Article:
4. Find creative ways to increase value
Pricing can be a silver bullet to growing profitability as profit is a direct result of your pricing strategy. A key growth lever is increasing average order value. Pricing should be reviewed regularly to ensure the business has a clear understanding of where it is positioned vs the market average. Effective ways to increase the value per transaction are:
- Up-selling – Encouraging customers to purchase a comparable higher-end product than the one in question. It adds in little additional cost but increases significant perceived value and experience – e.g. a deluxe room instead of a standard room
- Cross-Selling – Inviting customers to buy related or complementary items – e.g. Amazon “if you like this, you might like this” – selling a parasol when buying a sun lounger
- Bundling – Adds more value via a package – e.g. M&S £10 meal uses items that would cost more per item if purchased individually.
- Tiered options – Research shows that when presented with 3 options, people tend to buy the middle option. Add a premium and a downgraded version of your product and services – e.g. Gold / Silver / Bronze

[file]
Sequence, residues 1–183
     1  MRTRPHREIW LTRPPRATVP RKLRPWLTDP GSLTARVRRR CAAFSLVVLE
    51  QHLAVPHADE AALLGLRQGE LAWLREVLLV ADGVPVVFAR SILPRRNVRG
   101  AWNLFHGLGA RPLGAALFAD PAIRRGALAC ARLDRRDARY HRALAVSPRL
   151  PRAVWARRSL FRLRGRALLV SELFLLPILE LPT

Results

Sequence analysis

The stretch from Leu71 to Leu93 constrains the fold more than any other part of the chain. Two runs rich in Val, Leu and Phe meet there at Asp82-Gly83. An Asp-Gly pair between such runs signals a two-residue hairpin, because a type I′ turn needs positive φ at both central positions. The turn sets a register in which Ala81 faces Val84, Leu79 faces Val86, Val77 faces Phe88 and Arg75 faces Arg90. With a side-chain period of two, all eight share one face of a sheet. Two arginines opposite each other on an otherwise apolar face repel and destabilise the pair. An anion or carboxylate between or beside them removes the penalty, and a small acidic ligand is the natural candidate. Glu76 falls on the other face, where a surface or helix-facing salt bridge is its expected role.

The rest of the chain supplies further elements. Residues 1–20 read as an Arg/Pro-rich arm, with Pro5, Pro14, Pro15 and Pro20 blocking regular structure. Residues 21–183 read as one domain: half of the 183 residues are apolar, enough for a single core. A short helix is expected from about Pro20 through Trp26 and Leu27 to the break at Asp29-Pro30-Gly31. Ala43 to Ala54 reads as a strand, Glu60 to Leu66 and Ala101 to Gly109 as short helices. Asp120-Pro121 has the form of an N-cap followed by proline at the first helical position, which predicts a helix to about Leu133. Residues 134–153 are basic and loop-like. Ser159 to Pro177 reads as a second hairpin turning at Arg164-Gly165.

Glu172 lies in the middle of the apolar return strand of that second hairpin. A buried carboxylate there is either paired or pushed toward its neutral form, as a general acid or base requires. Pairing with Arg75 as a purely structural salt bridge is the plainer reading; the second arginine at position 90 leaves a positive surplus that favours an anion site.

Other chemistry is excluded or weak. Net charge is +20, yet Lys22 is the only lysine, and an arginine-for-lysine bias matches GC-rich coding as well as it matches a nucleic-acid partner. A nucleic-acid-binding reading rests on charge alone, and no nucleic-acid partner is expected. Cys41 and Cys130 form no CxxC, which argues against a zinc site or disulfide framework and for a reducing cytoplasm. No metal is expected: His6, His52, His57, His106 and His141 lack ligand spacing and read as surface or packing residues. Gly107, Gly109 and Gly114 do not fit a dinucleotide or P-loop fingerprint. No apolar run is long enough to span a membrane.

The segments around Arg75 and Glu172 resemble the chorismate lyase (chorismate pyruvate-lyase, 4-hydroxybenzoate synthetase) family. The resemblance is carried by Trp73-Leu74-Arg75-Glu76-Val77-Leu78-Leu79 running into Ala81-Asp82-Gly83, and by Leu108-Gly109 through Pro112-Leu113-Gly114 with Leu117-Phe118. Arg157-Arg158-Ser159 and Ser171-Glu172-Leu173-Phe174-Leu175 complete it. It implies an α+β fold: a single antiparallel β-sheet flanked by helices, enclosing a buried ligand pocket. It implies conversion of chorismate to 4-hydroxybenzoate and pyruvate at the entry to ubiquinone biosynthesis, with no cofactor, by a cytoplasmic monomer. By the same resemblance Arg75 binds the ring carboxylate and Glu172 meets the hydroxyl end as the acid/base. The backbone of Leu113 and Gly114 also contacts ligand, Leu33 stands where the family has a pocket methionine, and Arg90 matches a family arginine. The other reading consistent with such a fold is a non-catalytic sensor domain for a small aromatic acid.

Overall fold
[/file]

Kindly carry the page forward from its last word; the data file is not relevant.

- Bigger volume – such as a multi pack or Extra size
- Increase the price – some businesses have not increased prices for years, and are underpriced compared with their market value
5. People first
People are the most important asset in business and the number 1 priority for businesses to focus on during the pandemic in terms of their safety and wellbeing. The service-profit chain shows that employee satisfaction is the foundation for profitability and growth. The culture of an organisation and its values are critical therefore to the success of businesses. The pandemic has caused us to re-think organisational design, operating models, capability requirements and ways of working. Multi-skilling and flexibility are important areas to optimise as we focus on employee satisfaction and fulfilment.
6. Power positioning and niching
Position yourself in the marketplace so that your audience sees you as standing out. Have a strong supportive message. The pricing strategy needs to be in line with your desired positioning. The ideal is an offering that is niche or differentiated with its own, unique value, so that people do not focus so much on the actual price point. This also makes it more difficult for customers to compare your price to similar products or services.
7. Service and customer experience excellence